Now, I realize that Poker Night 2 was released for both the PSN and the XBLA as well as Steam, but honestly, I didn't think twice about picking up for new, sweet laptop. Mainly because I have way to many games to play on my PS3 currently, and on my Xbox ... well, that wasn't even an option. On my laptop, though, I have already become a Steam-addict. So when I was browsing the Steam store, that I seem to do daily now, I knew I had to have Poker Night 2 on the new hotness.
I've never really been a huge fan of card game simulation games, even poker games. Don't get me wrong though, I really enjoy having the guys over for the occasional poker night, but that is more for the social aspect of it all than it is the game itself, or the stakes involved. When I go to Vegas, I'll sit down at a game table occasionally, especially if someone else with me wants to, but playing against a dealer for the sheer aspect of trying to win money isn't as appealing to me as it might be for others,
In Poker Night 2, the game is more than just about winning or losing. The social aspect is alive and well, despite the fact it's not a multiplayer or online game. You see, the cast of characters that join you for each tournament you participate in make you feel like you're just hanging out with your buddies, talking, shooting the breeze, etc. Oh, and the occasional jokes and put-downs, like any good gathering of friends should be.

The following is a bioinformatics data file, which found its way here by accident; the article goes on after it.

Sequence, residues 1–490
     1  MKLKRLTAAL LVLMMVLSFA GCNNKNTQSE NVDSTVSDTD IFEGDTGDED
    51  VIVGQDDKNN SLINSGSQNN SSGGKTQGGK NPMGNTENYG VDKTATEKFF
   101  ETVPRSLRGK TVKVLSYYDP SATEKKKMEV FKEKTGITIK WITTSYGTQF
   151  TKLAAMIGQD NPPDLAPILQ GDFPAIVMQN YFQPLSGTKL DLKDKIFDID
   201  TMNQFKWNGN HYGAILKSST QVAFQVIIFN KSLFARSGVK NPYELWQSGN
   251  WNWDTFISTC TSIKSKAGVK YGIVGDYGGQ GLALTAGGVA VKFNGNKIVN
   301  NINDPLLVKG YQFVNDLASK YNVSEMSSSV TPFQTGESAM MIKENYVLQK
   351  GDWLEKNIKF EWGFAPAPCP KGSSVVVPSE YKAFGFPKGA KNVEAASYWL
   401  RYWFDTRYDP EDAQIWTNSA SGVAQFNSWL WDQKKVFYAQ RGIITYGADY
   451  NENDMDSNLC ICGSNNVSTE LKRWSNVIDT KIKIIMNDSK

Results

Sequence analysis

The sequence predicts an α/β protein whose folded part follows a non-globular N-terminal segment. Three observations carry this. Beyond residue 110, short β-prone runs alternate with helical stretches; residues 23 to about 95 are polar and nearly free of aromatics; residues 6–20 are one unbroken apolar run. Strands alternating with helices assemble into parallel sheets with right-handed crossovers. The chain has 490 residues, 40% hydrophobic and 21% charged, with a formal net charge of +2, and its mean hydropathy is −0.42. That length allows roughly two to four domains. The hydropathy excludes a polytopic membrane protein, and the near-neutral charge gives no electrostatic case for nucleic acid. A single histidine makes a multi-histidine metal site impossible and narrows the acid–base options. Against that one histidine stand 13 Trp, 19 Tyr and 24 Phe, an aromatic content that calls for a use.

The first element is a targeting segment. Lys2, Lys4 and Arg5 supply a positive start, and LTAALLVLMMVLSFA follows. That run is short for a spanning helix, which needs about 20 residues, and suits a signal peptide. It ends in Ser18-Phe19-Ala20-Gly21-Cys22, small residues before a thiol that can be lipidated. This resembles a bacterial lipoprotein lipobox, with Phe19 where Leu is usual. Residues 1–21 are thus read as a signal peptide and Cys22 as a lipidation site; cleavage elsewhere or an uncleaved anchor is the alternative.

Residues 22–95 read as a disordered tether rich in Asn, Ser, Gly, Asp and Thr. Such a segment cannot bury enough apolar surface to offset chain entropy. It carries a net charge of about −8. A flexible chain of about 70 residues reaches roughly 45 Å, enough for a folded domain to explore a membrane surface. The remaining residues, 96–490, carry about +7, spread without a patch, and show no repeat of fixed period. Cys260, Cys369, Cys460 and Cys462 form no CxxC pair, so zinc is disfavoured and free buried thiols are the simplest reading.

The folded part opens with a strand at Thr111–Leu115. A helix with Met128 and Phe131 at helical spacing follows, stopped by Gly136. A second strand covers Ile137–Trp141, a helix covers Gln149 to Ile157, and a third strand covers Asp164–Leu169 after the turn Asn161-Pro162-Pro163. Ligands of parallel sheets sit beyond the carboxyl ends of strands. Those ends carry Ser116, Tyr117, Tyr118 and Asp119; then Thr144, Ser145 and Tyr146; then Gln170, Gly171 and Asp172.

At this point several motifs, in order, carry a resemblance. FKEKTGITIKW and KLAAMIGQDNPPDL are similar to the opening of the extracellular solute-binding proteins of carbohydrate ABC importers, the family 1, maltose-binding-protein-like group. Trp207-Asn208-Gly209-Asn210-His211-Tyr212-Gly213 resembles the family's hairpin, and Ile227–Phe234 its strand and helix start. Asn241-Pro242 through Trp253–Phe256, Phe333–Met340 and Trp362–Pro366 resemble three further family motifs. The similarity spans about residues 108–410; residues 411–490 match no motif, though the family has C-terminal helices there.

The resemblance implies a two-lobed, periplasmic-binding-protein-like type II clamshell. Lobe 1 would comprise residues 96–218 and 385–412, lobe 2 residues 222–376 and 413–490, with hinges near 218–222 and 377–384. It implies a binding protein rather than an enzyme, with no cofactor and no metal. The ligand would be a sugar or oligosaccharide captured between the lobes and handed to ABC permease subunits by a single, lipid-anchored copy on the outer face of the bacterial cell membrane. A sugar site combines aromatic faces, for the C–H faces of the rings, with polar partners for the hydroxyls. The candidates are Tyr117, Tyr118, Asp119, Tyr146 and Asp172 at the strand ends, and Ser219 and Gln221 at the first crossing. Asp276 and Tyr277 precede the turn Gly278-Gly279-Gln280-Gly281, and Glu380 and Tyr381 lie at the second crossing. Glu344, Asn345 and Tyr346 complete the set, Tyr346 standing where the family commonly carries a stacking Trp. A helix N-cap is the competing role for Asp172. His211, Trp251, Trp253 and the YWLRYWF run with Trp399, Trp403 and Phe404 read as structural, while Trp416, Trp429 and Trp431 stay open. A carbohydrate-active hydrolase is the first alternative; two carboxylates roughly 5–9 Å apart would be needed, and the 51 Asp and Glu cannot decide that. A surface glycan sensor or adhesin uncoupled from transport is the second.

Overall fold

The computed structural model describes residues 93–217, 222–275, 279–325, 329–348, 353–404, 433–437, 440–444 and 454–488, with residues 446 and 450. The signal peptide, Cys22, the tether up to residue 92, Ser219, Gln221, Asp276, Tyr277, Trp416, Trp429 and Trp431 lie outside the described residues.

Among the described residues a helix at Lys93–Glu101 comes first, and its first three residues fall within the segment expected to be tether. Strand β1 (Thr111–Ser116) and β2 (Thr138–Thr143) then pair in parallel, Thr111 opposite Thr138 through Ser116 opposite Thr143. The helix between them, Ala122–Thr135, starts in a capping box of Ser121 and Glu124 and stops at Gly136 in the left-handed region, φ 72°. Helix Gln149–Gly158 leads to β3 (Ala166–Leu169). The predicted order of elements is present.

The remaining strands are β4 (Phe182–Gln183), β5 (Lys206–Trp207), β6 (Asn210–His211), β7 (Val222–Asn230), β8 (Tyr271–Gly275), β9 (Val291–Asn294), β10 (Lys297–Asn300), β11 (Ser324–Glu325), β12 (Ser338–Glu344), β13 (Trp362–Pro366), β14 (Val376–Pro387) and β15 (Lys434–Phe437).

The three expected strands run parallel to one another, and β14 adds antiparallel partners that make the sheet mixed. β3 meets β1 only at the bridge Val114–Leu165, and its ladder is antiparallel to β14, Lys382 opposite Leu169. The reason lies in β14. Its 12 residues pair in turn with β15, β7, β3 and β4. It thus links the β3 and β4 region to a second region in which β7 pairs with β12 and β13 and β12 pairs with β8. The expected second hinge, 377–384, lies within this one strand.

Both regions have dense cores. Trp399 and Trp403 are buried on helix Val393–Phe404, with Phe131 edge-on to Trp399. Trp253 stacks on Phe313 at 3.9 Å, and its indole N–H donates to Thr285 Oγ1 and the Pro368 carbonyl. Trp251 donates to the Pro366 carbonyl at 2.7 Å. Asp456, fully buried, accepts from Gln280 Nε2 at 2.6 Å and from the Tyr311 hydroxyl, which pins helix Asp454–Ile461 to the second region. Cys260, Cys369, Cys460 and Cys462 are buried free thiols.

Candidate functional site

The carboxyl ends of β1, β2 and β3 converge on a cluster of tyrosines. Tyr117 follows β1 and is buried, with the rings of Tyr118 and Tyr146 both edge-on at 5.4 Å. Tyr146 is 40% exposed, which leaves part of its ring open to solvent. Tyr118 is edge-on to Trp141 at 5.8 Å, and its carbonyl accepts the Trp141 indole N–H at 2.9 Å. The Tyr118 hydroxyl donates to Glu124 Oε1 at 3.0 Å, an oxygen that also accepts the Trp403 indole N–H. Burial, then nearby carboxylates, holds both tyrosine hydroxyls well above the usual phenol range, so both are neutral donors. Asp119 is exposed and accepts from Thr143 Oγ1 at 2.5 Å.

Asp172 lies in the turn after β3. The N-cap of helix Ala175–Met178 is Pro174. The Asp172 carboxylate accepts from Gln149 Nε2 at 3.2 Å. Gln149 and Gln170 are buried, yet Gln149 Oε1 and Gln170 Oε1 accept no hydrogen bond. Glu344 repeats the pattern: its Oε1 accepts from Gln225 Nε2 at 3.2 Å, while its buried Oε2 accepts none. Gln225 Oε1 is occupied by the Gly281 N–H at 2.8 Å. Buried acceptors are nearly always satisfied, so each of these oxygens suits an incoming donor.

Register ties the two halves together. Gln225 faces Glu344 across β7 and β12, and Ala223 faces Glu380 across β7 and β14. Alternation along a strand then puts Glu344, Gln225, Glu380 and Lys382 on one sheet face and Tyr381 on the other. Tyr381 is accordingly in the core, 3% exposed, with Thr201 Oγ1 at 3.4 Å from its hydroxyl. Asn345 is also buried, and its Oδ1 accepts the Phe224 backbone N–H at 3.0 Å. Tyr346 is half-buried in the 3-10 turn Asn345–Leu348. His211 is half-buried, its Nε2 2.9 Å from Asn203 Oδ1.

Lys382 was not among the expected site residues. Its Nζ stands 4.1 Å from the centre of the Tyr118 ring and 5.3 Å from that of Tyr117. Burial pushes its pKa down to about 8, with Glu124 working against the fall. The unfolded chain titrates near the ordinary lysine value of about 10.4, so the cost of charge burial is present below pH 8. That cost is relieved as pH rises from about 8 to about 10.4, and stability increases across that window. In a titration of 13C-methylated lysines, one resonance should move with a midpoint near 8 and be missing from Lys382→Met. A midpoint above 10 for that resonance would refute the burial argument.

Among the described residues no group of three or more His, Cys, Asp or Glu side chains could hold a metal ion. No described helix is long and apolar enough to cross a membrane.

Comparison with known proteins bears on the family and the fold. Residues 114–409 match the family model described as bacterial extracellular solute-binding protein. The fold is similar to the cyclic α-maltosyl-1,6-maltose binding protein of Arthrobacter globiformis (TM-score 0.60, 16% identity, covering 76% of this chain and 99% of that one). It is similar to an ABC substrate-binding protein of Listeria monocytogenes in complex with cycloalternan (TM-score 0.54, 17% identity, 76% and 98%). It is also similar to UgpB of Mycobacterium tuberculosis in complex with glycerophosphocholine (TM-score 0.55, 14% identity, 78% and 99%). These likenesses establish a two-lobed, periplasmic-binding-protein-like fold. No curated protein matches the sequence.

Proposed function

You assume the position as The Player, and you are joined at the table by Ash Williams (The Evil Dead), Brock Samson (The Venture Bros.), Sam (Sam & Max) and of course Claptrap (Borderlands). The dealer is none other than GLaDOS from the portal series, which aside from the banter going on from the characters at the table, is the most charming aspect of the gaming experience. She isn't just the dealer, but is also the special color commentator, adding her thoughts, opinions and quips to each hand that is dealt.
The game itself is pretty straight forward. You choose from Texas hold'em or Omaha hold'em (if you want to be different, I suppose), and you start out with the same amount of money each time. The goal? To eliminate all your competitors and win the tournament. Simple and straight forward. There are challenges to accomplish as you play, and unlockables to obtain (cards, chips and tables) that open up different conversation possibilities.
Overall, it's a fun poker game, if only because of the experience, not necessarily the game. Too bad it didn't feel this good to lose money like this while gambling in Vegas.